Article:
By Gary Goettling
For a number of recent graduates of the H. Milton Stewart School of Industrial & Systems Engineering (ISyE) at Georgia Tech, the experience has provided a springboard for successful academic careers at colleges and universities across the country. Some have remained in industrial engineering disciplines while others have obtained positions teaching business, underscoring the versatility of an ISyE education at Georgia Tech.
In the stories presented here, ISyE alumni comment on their career paths and some of the people who influenced them along the way.
Kris Johnson Ferreira (BSIE 07) might not be indulging her passion for teaching and research were it not for the encouragement of Associate Professor Joel Sokol, one of her undergraduate industrial engineering professors at ISyE.
“I’d never really thought about getting a Ph.D. and what life would be like as an academic until Joel brought it up as a possibility,” said Ferreira, an assistant professor of business administration at Harvard Business School. “He told me about his experience getting a Ph.D. and what it was like to be a professor and what he enjoyed the most about it. I knew from talking to him that I would love the teaching and research aspects, and that definitely helped me make the decision to get a Ph.D. and go into academia.”
She was among a cohort of undergraduates who assisted Sokol with his well-known research in the application of data analytics to build predictive models of the NCAA men’s basketball tournaments.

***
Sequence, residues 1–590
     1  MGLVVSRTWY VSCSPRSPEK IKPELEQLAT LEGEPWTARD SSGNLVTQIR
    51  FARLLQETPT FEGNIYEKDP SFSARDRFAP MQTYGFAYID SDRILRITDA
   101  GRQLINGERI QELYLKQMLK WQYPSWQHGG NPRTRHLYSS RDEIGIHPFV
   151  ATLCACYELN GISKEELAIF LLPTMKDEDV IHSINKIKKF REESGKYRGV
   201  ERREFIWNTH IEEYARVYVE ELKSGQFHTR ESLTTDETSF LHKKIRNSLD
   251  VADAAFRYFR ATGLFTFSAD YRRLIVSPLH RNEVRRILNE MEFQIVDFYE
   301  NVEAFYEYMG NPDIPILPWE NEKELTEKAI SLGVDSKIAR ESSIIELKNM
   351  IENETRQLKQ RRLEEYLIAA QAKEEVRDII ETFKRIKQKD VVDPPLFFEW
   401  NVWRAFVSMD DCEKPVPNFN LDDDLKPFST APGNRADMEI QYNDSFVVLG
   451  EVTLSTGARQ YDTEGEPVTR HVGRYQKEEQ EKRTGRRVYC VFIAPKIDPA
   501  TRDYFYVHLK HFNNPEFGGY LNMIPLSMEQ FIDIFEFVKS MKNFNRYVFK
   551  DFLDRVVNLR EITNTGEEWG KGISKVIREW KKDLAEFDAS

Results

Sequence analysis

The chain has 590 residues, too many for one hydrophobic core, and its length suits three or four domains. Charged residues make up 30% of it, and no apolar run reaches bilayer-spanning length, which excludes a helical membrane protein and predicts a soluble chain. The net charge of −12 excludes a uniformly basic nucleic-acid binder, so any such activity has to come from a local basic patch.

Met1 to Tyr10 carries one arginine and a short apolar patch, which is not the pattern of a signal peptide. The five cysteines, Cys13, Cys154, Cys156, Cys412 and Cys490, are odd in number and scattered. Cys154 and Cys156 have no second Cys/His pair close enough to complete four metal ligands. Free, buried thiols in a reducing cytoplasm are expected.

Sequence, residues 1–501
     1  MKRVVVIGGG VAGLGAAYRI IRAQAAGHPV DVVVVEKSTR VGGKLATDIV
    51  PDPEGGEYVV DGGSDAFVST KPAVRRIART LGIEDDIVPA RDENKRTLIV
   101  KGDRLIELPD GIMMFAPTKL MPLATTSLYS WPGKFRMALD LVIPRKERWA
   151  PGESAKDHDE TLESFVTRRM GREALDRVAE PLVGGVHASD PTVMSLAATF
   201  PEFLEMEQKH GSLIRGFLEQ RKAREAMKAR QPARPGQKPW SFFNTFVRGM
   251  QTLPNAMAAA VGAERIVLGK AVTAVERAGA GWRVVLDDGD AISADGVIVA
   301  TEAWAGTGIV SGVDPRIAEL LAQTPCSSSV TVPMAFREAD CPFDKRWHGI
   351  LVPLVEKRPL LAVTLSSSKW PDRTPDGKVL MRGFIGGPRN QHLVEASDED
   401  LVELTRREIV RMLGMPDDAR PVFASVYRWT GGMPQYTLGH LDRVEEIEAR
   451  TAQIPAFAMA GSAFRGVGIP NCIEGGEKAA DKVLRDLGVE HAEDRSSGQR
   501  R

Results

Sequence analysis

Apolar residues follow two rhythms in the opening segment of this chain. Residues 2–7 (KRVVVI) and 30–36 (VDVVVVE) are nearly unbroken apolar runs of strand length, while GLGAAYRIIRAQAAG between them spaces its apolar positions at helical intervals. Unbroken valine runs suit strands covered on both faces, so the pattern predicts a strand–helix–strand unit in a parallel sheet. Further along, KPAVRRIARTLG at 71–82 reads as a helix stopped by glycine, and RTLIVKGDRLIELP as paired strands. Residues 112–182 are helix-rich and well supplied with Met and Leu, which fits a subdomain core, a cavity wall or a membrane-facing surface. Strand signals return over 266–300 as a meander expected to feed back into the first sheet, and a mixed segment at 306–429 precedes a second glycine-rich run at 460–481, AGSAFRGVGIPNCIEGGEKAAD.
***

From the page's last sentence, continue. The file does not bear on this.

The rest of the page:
The decision to apply to Georgia Tech was a “no brainer,” she continued. “It has the best IE program in the country with amazing students and faculty from around the world.”
After Tech, she spent three years working as a consultant before enrolling at MIT, where she earned a doctorate in operations research in 2015. Later that year, she joined the Harvard faculty.
“I really love teaching,” she said, “and Harvard Business School has a lot of resources to help new faculty succeed in the classroom.”
Another plus is that Harvard Business School offers the freedom to perform new research and apply industrial engineering to a variety of business applications, said Ferreira.
“I work in partnership with companies and use their data to help them make better revenue-management decisions, and I really enjoy this connection between research and practice.”
A President’s Scholar at Tech, Ferreira’s awards include a Revenue Management and Pricing Section Practice Award from the Institute for Operations Research and the Management Sciences (INFORMS) and an MIT Graduate Student Award for Excellence in Engineering Systems Teaching.
As for the future, she said that you never know what opportunities will come along, but right now, “I really love my job. I’m following my path and passion and doing what I love to do.”
ISyE's Leo and Louise Benatar Early Career Professor and Associate Professor Alejandro Toriello (BSIE 03, Ph.D. IE10) wasn’t thinking about an academic career when he entered Georgia Tech as an undergraduate. As a matter of fact, “I thought, ‘OK, I’ll do my four years and get out of here and never look back.’”
But after graduating and spending almost two years working as a consul- tant, graduate school started looking better and better.